US Courts Say Your Site Must Be ADA Compliant

ADA compliance is key to ensuring your website can engage your entire audience, but now the courts have mandated ADA compliance as well.

US Courts Say Your Site Must Be ADA Compliant

Chloe Spilotro 01.10.2020

If you own an online business, you might be reluctant to bother with the Americans with Disabilities Act (ADA). Preoccupied with creating content or marketing your brand, attending to ADA compliance appears peripheral. 

Although you have an intuition that it might be relevant, urgent and important tasks consume your day.  You don’t feel you have the resources of time and attention to decipher yet another business regulation. 

Still, this subject may be far more important than you think and far more relevant than you might assume.

The ADA In a Nutshell

Late President George H. W. Bush signed the Americans with Disabilities Act (ADA) on July 26, 1990. 

This civil rights law prohibits discrimination against people with mental or physical disabilities.  

The purpose of the ADA is to protect the rights of those with disabilities. The legislation protects them from discrimination when seeking employment, when using state and local government services, when accessing a place of public accommodation, when utilizing public transportation, and so on. 

While you’re aware that ADA compliance applies to brick-and-mortar businesses, you may not know that it also applies to digital businesses. Therefore, it’s important for you, as a business owner or manager, to review the legislation to see if it applies to your type and size of business. As you know, ignorance of the law is no excuse.

Two Reasons to Review ADA Regulations

Reason #1: Customers Could Sue Your Business

Failure to comply makes your business vulnerable to lawsuits. Besides the legal penalties, there are also the attorney fees. According to New York City-based business attorney, David  Engelhardt, "Other than a business being forced to comply, which is costly, the business will have to pay attorneys’ fees, which can be tens of thousands of dollars. Depending on the state, the business owner can be looking at a $50,000 bill." 

Reason #2:  Your Business Could Serve Customers Better

Think of your business from the point-of-view of someone with a disability who would love to know more about your services. Because you’ve made your website ADA compliant, they can easily navigate to the right pages, read or listen to your content, contact you with questions, or effortlessly make a purchase.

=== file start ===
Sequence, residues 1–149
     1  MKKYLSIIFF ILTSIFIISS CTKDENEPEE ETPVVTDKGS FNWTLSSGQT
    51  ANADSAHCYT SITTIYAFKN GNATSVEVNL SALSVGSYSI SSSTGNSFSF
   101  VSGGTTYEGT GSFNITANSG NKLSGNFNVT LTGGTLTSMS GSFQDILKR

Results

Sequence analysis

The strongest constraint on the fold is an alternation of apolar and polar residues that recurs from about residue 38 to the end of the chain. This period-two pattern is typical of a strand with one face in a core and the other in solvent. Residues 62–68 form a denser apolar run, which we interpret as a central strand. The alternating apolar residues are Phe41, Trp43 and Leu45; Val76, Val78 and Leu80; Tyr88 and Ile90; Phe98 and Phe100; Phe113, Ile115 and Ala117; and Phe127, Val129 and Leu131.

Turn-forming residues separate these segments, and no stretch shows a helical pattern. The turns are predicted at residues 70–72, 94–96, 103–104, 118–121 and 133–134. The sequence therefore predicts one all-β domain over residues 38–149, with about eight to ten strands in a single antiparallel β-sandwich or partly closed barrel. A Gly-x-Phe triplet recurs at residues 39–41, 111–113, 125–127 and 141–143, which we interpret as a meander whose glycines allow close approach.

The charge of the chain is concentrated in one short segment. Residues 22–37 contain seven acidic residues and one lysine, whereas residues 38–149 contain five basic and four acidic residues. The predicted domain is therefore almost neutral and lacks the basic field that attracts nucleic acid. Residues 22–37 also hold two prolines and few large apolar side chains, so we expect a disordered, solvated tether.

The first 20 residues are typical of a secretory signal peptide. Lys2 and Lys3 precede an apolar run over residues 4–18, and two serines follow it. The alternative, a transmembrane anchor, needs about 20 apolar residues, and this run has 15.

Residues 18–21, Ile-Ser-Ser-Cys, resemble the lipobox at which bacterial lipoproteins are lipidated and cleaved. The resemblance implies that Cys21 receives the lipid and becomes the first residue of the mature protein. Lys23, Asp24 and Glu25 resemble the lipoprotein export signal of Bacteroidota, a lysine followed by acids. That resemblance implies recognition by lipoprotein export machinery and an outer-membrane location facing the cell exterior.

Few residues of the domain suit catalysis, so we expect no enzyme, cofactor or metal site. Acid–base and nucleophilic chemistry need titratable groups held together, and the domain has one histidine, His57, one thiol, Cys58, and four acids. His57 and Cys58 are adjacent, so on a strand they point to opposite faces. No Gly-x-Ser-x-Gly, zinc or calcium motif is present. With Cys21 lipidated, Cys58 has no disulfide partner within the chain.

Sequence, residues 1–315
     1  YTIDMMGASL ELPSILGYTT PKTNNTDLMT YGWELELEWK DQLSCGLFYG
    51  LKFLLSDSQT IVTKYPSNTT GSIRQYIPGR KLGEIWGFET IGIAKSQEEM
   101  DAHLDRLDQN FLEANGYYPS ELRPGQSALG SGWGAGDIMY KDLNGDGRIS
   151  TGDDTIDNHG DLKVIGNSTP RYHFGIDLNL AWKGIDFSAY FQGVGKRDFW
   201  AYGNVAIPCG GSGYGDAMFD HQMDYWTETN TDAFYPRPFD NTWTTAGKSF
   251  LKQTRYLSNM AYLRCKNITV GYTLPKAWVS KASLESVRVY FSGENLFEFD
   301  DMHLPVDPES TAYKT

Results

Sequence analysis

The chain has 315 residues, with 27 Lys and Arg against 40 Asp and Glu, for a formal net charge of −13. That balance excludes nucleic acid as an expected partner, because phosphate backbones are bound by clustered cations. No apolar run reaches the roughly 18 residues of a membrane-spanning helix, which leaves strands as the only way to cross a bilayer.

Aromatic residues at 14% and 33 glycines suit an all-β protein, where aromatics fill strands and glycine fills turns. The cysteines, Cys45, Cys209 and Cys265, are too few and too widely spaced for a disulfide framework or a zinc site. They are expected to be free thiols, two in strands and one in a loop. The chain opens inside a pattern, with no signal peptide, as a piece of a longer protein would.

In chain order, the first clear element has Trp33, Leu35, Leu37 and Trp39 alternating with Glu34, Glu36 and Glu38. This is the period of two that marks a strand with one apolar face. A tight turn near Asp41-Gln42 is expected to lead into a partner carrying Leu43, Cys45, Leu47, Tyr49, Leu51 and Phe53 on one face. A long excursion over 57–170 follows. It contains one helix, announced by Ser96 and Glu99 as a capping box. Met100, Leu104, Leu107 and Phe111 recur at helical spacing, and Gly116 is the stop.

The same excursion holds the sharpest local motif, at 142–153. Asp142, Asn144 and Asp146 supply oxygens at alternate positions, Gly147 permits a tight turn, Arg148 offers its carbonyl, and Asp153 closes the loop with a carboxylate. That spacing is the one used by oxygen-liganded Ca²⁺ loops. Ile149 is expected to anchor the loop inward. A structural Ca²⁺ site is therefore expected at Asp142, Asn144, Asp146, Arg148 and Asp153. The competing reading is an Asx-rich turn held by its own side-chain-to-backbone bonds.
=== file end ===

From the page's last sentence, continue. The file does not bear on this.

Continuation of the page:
What U.S. Courts Say about ADA Website Compliance

Court rulings are clear on website obligations to comply with ADA regulations.  

A federal district court in New York in the Andrews v. Blick Art Materials, LLC ruling says that since websites meet the definition of a “place of public accommodation,” people with disabilities have legal rights to access them. Any website that offers the direct sale of products or services is a place of public accommodation. The court also concluded that it was irrelevant if the website was not linked to a physical location. 

In the case of Robles vs Dominos, the justices rejected Dominos Pizza's challenge to the U.S. 9th Circuit Court of Appeals ruling and affirmed that the Americans with Disabilities Act applies not only to restaurants and stores but also to a company’s websites and apps. 

ADA Website Compliance Suggestions

To make your website ADA compliant, you have to make all your content accessible to a website visitor who could be blind or deaf. Use assistive technologies so that they can navigate by voice if they are blind or use screen readers if you have audio content and they are deaf.

You may also be interested in: Automated Accessibility Testing

A Good Faith Effort is Enough for Now

Although the law often provides clear guidelines on how to make a physical location ADA compliant, it does not detail exactly how to apply the guidelines to a website. For this reason, interpret the idea of reasonable accessibility the best you can.

Since there are no strict guidelines, the law expects you to make a good-faith effort. Besides discussing compliance with a disability attorney, consult with a website designer to find out more about what assistive technologies your website could include to make your content easier to access. 

Although making your website more ADA friendly does cost money, it’s wise to view ADA compliance as a business investment. First, you’re providing customers with superior value. Next, this enhanced value attracts more organic traffic by ranking your website high on the major search engines. Last, your sales will increase because you’ve made it easier for customers to read or hear your content and to access a user-friendly payment system. 


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Chloe Spilotro photo

Chloe Spilotro

Marketing Manager, Zesty.io

Marketing Manager at Zesty.io. Hooked onto the platform since first using it through the Zesty.io Incubator Program at the University of San Diego. Passionate about all things marketing, IoT, and helping businesses leverage technology to grow and become major players in their industries.... Learn More

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